Enabling the MPLS correlation doesn’t fully encapsulate frames like NSH would, since the MPLS labels are inserted between the Ethernet header and the L3 protocol.

By default, port-chains always have their correlation set to mpls:

chain_parameters: {correlation: 'mpls'}

A Port Chain can have Port Pair Groups with MPLS-correlated Port Pairs or Port Pairs with no correlation. However, each Port Pair Group can only group Port Pairs that share the same correlation type (to process each hop and expose their feature set in a consistent and predictable way). The SFC OVS driver and agent are smart enough to only apply SFC Proxies to the hops that require so.

The MPLS correlation is only recommended when using SFC-proxied Port Pair Groups. In order to use NSH, the Port Chain correlation must be set to nsh (to clarify, SFC Proxies can also be used with NSH Port Chains, as long as the Port Pairs have no correlation set):

chain_parameters: {correlation: 'nsh'}

To create a Service Graph, first create the set of Port Chains that will compose the Service Graph. Then, create the Service Graph itself by referencing the Port Chains needed as a dictionary of source to (list of) destination chains, essentially describing each of the branching points of the chain. The following example, using the OpenStack Client, illustrates this (by creating a graph that starts from an initial chain pc1 which forks into pc2 and pc3, and then joins back into a single chain pc4 (if that’s what the user intended) using the MPLS correlation (if using NSH, the flows are equivalent but OpenFlow NSH actions and matches are used instead):

# we assume that the Neutron ports p0..p4 are already created and bound
$ openstack sfc port pair create --ingress p1 --egress p1  --service-function-parameters correlation=mpls pp1
$ openstack sfc port pair create --ingress p2 --egress p2  --service-function-parameters correlation=mpls pp2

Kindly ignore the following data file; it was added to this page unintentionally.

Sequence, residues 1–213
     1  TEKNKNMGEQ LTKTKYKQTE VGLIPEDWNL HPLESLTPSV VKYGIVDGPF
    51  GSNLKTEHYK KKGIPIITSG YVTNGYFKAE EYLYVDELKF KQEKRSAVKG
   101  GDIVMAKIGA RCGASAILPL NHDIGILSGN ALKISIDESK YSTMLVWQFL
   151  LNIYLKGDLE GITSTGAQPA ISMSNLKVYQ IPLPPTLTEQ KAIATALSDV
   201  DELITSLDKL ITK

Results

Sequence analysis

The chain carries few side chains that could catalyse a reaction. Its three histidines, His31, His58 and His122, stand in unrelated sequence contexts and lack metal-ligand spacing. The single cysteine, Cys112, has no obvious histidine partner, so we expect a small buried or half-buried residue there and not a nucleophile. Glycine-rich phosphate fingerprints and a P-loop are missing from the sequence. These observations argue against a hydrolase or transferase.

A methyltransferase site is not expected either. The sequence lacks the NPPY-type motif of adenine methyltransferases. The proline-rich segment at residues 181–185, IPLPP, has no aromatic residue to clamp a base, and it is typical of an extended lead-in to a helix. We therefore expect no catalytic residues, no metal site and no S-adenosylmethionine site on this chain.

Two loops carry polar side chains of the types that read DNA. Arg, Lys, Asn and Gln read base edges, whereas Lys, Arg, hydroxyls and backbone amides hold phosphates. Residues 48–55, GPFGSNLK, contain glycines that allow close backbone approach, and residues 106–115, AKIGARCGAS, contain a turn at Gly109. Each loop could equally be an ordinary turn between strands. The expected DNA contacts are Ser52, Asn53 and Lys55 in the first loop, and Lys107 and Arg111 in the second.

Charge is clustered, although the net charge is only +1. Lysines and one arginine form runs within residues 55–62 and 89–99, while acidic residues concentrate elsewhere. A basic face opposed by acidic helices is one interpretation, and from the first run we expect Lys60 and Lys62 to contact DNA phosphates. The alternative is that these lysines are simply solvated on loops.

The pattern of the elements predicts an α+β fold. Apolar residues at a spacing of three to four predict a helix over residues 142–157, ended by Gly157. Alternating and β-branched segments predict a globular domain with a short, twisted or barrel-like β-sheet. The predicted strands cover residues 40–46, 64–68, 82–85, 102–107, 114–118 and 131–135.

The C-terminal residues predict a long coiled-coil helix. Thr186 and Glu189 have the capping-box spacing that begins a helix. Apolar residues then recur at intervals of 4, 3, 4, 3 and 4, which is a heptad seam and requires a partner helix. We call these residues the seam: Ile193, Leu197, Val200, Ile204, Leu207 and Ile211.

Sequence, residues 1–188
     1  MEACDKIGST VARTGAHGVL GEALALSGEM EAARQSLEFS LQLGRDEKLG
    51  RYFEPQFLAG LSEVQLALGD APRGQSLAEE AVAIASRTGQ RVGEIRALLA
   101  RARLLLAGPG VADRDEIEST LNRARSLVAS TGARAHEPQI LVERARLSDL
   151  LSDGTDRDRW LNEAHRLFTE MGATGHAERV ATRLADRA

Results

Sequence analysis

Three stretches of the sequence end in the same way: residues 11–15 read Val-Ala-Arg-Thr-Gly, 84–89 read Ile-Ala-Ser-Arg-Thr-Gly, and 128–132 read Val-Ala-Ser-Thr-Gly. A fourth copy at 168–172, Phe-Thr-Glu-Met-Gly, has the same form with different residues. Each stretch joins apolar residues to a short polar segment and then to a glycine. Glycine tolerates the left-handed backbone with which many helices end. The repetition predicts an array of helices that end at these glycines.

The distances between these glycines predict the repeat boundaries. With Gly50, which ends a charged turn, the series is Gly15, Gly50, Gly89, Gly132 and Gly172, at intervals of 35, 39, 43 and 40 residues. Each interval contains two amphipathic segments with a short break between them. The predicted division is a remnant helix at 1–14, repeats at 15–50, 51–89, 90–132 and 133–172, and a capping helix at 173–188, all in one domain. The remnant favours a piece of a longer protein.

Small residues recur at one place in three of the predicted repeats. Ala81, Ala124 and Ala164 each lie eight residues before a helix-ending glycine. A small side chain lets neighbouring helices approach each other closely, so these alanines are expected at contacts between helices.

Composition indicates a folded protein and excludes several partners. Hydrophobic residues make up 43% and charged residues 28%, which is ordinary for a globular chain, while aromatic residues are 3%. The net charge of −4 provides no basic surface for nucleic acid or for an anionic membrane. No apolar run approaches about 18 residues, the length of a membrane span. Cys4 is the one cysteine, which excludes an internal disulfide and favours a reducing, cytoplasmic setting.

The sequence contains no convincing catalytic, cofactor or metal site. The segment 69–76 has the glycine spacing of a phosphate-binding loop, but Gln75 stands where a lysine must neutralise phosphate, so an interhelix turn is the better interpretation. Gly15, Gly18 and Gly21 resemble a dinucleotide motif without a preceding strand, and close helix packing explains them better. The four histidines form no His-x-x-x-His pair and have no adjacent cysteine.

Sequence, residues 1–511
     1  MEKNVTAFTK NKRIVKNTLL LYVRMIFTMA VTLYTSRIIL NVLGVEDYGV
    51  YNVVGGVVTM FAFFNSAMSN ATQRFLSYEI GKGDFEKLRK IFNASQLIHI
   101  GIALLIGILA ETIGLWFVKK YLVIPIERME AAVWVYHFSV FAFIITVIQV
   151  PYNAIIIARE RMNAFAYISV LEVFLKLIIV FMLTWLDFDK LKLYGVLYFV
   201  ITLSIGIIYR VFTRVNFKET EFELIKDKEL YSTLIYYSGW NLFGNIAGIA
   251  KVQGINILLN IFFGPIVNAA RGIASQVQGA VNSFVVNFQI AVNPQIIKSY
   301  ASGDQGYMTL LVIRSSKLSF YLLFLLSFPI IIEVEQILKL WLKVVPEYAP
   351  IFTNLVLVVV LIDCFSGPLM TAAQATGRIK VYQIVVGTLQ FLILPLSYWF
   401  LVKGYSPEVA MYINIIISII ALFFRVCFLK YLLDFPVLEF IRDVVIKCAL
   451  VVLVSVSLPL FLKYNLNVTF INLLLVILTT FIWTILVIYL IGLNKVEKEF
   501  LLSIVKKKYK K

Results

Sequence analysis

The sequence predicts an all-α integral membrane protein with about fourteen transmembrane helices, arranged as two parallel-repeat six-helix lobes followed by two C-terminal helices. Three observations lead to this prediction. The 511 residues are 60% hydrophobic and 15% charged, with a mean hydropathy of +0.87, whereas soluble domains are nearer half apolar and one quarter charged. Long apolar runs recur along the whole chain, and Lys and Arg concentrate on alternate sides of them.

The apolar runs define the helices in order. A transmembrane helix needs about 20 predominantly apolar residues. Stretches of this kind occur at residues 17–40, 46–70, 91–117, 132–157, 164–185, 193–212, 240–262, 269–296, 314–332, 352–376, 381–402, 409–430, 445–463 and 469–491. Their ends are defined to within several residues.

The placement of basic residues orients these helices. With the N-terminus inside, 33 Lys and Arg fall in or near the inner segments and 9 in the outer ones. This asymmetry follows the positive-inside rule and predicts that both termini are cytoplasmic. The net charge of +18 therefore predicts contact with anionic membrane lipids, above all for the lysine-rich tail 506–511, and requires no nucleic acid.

$ openstack sfc port pair create --ingress p3 --egress p3  --service-function-parameters correlation=mpls pp3
$ openstack sfc port pair create --ingress p4 --egress p4  --service-function-parameters correlation=mpls pp4
$ openstack sfc port pair group create --port-pair pp1 ppg1
$ openstack sfc port pair group create --port-pair pp2 ppg2
$ openstack sfc port pair group create --port-pair pp3 ppg3
$ openstack sfc port pair group create --port-pair pp4 ppg4
$ openstack sfc flow classifier create --protocol udp --source-port 2001 --logical-source-port p0 fc1
$ openstack sfc flow classifier create --protocol udp --source-port 2002 --logical-source-port p0 fc2
$ openstack sfc flow classifier create --protocol udp --source-port 2003 --logical-source-port p0 fc3
$ openstack sfc flow classifier create --protocol udp --source-port 2004 --logical-source-port p0 fc4
$ openstack sfc port chain create --port-pair-group ppg1 --flow-classifier --chain-parameters correlation=mpls fc1 pc1
$ openstack sfc port chain create --port-pair-group ppg2 --flow-classifier --chain-parameters correlation=mpls fc2 pc2
$ openstack sfc port chain create --port-pair-group ppg3 --flow-classifier --chain-parameters correlation=mpls fc3 pc3
$ openstack sfc port chain create --port-pair-group ppg4 --flow-classifier --chain-parameters correlation=mpls fc4 pc4
$ openstack sfc service graph create --branching-point pc1:pc2,pc3 --branching-point pc2:pc4 --branching-point pc3:pc4 sg1

In the Python language, the dictionary of Port Chains provided above via the OpenStack Client would look like this:

    'port_chains': {
        'pc1': ['pc2', 'pc3'],
        'pc2': ['pc4'],
        'pc3': ['pc4']

Note that, because pc2, pc3 and pc4 depend on other chains, their Flow Classifiers’ Logical Source Ports will be ignored.

To clarify what happens under the hood when using the Open vSwitch driver, let’s look at the relevant flows that are generated for the above example:

Table 0:

priority=30,udp,tp_src=2001,in_port=10 actions=push_mpls:0x8847,set_field:511->mpls_label,set_mpls_ttl(255),group:1
priority=30,udp,tp_src=2002,reg0=0x1fe actions=push_mpls:0x8847,set_field:767->mpls_label,set_mpls_ttl(255),group:2
priority=30,udp,tp_src=2003,reg0=0x1fe actions=push_mpls:0x8847,set_field:1023->mpls_label,set_mpls_ttl(255),group:3
priority=30,udp,tp_src=2004,reg0=0x2fe actions=push_mpls:0x8847,set_field:1279->mpls_label,set_mpls_ttl(255),group:4
priority=30,udp,tp_src=2004,reg0=0x3fe actions=push_mpls:0x8847,set_field:1279->mpls_label,set_mpls_ttl(255),group:4
priority=30,mpls,in_port=11,mpls_label=510 actions=load:0x1fe->NXM_NX_REG0[],pop_mpls:0x0800,resubmit(,0)
priority=30,mpls,in_port=12,mpls_label=766 actions=load:0x2fe->NXM_NX_REG0[],pop_mpls:0x0800,resubmit(,0)
priority=30,mpls,in_port=13,mpls_label=1022 actions=load:0x3fe->NXM_NX_REG0[],pop_mpls:0x0800,resubmit(,0)
priority=30,mpls,in_port=14,mpls_label=1278 actions=pop_mpls:0x0800,NORMAL

Table 5: (usual flows for sending to table 10 or across tunnel, without proxying)

Table 10: (usual flows to make traffic ingress into the Service Functions, shown below):

priority=1,mpls,dl_vlan=1,dl_dst=fa:16:3e:97:91:a2,mpls_label=511 actions=pop_vlan,output:11
priority=1,mpls,dl_vlan=1,dl_dst=fa:16:3e:87:2a:ad,mpls_label=767 actions=pop_vlan,output:12